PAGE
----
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Eucalyptus gomphocephala

Eucalyptus gomphocephala, known as tuart,[3] is a species of tree, one of the six forest giants of Southwest Australia. Tuart forest was common on the Swan coastal plain, until the valuable trees were felled for export and displaced by the urban development around Perth, Western Australia. The wood is dense, hard, water resistant and resists splintering, and found many uses when it was available. Remnants of tuart forest occur in state reserves and parks, the tree has occasionally been introduced to other regions of Australia and overseas. Remaining trees are vulnerable to phytophthora dieback, an often fatal disorder, including a previously unknown species discovered during analysis of dead specimens.

Tuart
Eucalyptus gomphocephala in Kings Park.jpg
Eucalyptus gomphocephala in Kings Park, Perth
Scientific classification edit
Kingdom: Plantae
Clade: Tracheophytes
Clade: Angiosperms
Clade: Eudicots
Clade: Rosids
Order: Myrtales
Family: Myrtaceae
Genus: Eucalyptus
Species:
E. gomphocephala
Binomial name
Eucalyptus gomphocephala
E. gomphocephala.JPG
Field range
Synonyms[2]
  • Eucalyptus gomphocephala DC. var. gomphocephala
  • Eucalyptus gomphocephala var. rhodoxylon Blakely & H.Steedman
flower buds
flowers
fruit

DescriptionEdit

The tree is native to the southwest of Western Australia and typically grows to a height of 10 to 40 metres (33 to 131 ft).[3] Taller trees are often found at the southern end of the trees range while smaller trees are found at the northern end.[4] The crown of the tree can spread up to a width of 25 metres (82 ft).[5] The habit of tuart is a tall single stemmed tree, but may form a low and multi-stemmed tree at the edge of stands in response to salinity and winds.[6]

Tuart has box-like rough bark over the length of the trunk and branches.[3] The bark is fibrous and grey in colour[5] and breaks into smaller flaky pieces.[7] Leaves are stalked, alternate, with a lanceolate or falcate shape. The leaves are slightly discolorous to concolorous, glossy, light green and thin. The leaf blade is 90 to 160 millimetres (3.5 to 6.3 in) in length and often curved.[7] White flowers appear in mid summer to mid autumn between January to April.[3] Buds that are almost stalkless appear as clusters in groups of seven. The buds have swollen caps, said to resemble a small ice cream cone, that are around 8 to 10 mm (0.31 to 0.39 in) long.[7] The flowers are formed in tight clusters made up of around seven flowers. These later form into fruits with a mushroom shape containing small red-brown seeds.[5] The fruits are narrow and 13 to 25 mm (0.51 to 0.98 in) in length with a broad rim.[7]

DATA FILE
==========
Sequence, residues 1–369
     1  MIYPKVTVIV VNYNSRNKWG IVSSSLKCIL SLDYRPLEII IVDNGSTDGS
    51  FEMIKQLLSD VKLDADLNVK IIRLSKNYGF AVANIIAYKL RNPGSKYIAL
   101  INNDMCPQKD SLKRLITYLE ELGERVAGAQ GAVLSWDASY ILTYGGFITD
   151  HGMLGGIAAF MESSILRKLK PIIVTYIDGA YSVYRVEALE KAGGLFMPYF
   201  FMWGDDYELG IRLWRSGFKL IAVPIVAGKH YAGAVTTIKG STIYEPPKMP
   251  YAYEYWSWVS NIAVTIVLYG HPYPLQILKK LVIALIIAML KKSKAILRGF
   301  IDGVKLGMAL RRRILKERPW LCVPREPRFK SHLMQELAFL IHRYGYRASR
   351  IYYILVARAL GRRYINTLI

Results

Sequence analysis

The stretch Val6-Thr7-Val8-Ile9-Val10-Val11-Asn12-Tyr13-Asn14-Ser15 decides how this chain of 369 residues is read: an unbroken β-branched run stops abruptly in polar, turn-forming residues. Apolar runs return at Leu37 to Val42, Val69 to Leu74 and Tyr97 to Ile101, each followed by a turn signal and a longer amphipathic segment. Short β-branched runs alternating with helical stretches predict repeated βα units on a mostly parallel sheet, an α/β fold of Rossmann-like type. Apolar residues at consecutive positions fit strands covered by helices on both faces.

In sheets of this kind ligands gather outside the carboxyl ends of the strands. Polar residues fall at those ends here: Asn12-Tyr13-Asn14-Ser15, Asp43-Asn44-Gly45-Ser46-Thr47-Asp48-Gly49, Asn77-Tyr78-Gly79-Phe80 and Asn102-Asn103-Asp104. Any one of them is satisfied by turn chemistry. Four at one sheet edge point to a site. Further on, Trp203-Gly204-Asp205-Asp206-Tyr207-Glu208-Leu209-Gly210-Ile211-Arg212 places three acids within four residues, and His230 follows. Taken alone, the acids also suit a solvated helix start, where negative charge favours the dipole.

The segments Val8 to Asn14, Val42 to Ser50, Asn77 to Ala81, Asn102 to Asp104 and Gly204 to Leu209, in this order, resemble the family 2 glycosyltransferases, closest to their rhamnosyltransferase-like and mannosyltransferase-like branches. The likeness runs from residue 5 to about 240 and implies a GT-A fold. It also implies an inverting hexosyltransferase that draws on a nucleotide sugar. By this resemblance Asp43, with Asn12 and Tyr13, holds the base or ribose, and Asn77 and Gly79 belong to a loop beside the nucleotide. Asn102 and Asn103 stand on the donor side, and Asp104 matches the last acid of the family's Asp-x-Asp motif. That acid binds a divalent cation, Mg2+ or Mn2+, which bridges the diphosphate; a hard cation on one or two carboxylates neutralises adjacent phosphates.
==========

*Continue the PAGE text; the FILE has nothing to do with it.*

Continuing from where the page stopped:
Taxonomy and namingEdit

The species was formally described by the botanist Augustin Pyramus de Candolle, published in the third volume of his Prodromus Systematis Naturalis Regni Vegetabilis (1828).[1][8] The type collection was assembled by the botanist Jean-Baptiste Leschenault at the Vasse River during 1802, while serving with the Baudin expedition.[9]

In 1939, William Blakely and Henry Steedman described two varieties of this species in Contributions from the New South Wales National Herbarium but the named are listed as synonyms by the Australian Plant Census.[2] The epithet gomphocephala is derived from gomphos, meaning 'club' and kephale, 'head',[10] describing the rounded and overlapping shape of the operculum.[11][7]

The species is allied as a monophyletic arrangement within the most diverse eucalypt subgenus, Eucalyptus subgen. Symphyomyrtus, recognised as the sole species of it section.[10]

The Noongar peoples named the tree tuart or tooart, moorun or mouarn.[12]

DistributionEdit

 
Growing at a roadside at pastoral land, Lake Clifton, 2007

The distribution range of the species is a narrow coastal corridor within the Swan Coastal Plain, extending inland 5 to 10 kilometres (3.1 to 6.2 mi), a continuous strip south from Yanchep to Busselton.[3] This area has been intensively cleared for changes in agricultural practices, then urbanisation, so that the numbers of tuart trees and forest was greatly reduced after the establishment of the Swan River Colony.[9] Outlying patches of the tree are found to the north of Yanchep as far as Geraldton and further inland where rivers intersect the range. The species has become naturalised in other places.[3]

It grows in sandy well drained soils, often over limestone,[3] in sunny positions.[4]

The trees are part of coastal shrubland ecosystems in areas of deep sand. They also will often be part of limited woodland communities in protected areas along the coast.[5] When it occurs in woodland or open forest it is often associated with peppermint trees (Agonis flexuosa) in the understorey.[13]

UsesEdit

As a durable hardwood the timber is sought after for scantlings, structural timber, the construction of railway carriages, and boat building. The colouring and grain pattern of the timber also makes it a popular choice for furniture manufactures. Due to over-logging the tuart is a protected tree with conditions placed on felling.

The heartwood is a pale yellow-brown colour with a fine texture and a highly interlocked grain, close and twisted, almost curled back.[13][9] The green wood has a density of 1,250 kilograms per cubic metre (78 lb/cu ft) and an air-dried density of 1,030 kilograms per cubic metre (64 lb/cu ft).[13]

The flowers are an excellent source for the production of honey.[4] The colour of the product is described as light and creamy and it candies quickly to become hard and dry if properly matured in the hive. The quality of the source was noted as very high in 1939, although it was determined to be an 'undependable source' thirty years later.[9]